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Stopping the sneaky ‘out of contract’ broadband sting

Having saved the UK more than £500m in lower energy bills since we were founded, we’re now shaking up the broadband market. And there are worrying similarities, with millions of households paying hundreds of pounds more for their broadband, thanks to higher ‘out of contract’ charges that are not being properly explained.

Our research found that there are 15 million homes in the UK who are paying an average of £113 a year more for their broadband since their introductory deals have expired and they are now paying higher ‘out of contract’ fees.

That means £1.7bn is being wasted UK wide.

One of the main reasons for this is the lack of communication that some of the biggest broadband providers give to their customers. There is no legal requirement for providers to alert you once your initial contract price ends and your monthly payments go up. That means millions are unaware that their price has gone up, or that they are able to switch for free.

We found:

72% of all homes with broadband are paying more than they need

15 million homes are overpaying

The average difference between teaser rates and out of contract rates is £113 a year

Only 10% of broadband bill payers could recall having been alerted to their new rates

92% supported making it mandatory for providers to alert you when the contract term is up

The good news is that Ofcom, the broadband regulator, is currently consulting on whether there should be more communication. We have written to Ofcom urging them to force providers to be more transparent, and our campaign has attracted some great support.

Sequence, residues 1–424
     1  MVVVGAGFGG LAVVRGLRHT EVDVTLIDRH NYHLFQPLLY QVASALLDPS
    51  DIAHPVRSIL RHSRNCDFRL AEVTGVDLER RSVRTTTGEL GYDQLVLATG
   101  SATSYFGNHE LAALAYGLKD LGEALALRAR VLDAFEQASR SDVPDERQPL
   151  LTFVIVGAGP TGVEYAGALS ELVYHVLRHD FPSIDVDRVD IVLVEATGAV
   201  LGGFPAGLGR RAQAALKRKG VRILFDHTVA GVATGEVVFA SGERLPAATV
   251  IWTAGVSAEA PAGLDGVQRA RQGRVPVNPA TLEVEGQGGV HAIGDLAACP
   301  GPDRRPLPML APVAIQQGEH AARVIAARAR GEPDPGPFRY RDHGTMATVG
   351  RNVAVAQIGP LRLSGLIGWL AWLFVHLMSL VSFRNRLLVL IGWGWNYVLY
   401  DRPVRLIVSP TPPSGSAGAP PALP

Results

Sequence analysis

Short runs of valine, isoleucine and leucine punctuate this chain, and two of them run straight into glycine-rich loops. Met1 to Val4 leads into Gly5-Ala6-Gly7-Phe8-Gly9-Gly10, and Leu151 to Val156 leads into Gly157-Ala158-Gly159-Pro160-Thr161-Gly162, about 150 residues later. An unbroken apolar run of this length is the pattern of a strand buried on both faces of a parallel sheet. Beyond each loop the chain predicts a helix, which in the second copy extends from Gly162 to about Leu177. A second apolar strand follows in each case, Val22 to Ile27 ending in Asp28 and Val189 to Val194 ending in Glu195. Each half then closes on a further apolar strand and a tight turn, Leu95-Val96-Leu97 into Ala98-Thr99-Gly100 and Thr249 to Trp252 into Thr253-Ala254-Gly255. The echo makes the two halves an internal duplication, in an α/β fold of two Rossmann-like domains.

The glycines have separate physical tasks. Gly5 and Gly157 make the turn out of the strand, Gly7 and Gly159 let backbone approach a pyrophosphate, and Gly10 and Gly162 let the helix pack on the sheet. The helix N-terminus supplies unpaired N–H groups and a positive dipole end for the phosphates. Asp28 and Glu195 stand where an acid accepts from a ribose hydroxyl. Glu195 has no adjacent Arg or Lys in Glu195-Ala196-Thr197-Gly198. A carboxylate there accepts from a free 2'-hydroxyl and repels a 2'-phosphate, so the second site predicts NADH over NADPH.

Sarah Willingham is a consumer champion and ex BBC ‘Dragon’. She said:

Sarah Willingham
Sarah Willingham

It’s appalling that millions of families in the UK are being ripped off by their broadband supplier. We have already learnt that loyalty doesn’t pay in energy and it’s shocking to see the same thing happening in broadband.

The big providers have been let off easily for far too long. Reminding customers that their contract is coming to an end shouldn’t be too much effort for providers and can help many people save hundreds of pounds.

I strongly support First Utility’s decision for no out of contract price hike. Its determination to help customers cut overspending on broadband is something I hope Ofcom will take into account in its consultation to make the telecoms sector fairer for customers.

Grant Shapps MP, Chair of the cross-party British Infrastructure Group, commented:

It’s outrageous that so many people are paying more than they have to for broadband. Providers should be more transparent about their pricing changes and not prey on customer apathy. Other industries have cottoned on to the fact that consumer reminders help to drive engagement, and it’s time the broadband industry followed suit.

Here’s how the UK broadband overspend breaks down:

Check out how your town or county ranks